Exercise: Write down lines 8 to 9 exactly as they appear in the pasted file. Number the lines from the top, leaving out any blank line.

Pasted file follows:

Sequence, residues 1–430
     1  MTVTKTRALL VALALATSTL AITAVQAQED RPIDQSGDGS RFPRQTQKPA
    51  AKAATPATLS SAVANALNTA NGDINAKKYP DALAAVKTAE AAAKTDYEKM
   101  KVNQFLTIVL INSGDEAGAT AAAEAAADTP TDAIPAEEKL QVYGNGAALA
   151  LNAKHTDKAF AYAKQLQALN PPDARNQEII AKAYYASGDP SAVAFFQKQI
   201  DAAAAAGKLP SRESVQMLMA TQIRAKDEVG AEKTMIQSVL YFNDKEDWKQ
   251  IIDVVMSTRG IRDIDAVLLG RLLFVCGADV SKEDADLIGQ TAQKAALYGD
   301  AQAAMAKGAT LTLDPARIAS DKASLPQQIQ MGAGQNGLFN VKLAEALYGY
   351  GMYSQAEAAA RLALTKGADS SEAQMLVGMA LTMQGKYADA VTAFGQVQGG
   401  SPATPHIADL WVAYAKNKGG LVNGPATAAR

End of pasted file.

   301  AQAAMAKGAT LTLDPARIAS DKASLPQQIQ MGAGQNGLFN VKLAEALYGY
   351  GMYSQAEAAA RLALTKGADS SEAQMLVGMA LTMQGKYADA VTAFGQVQGG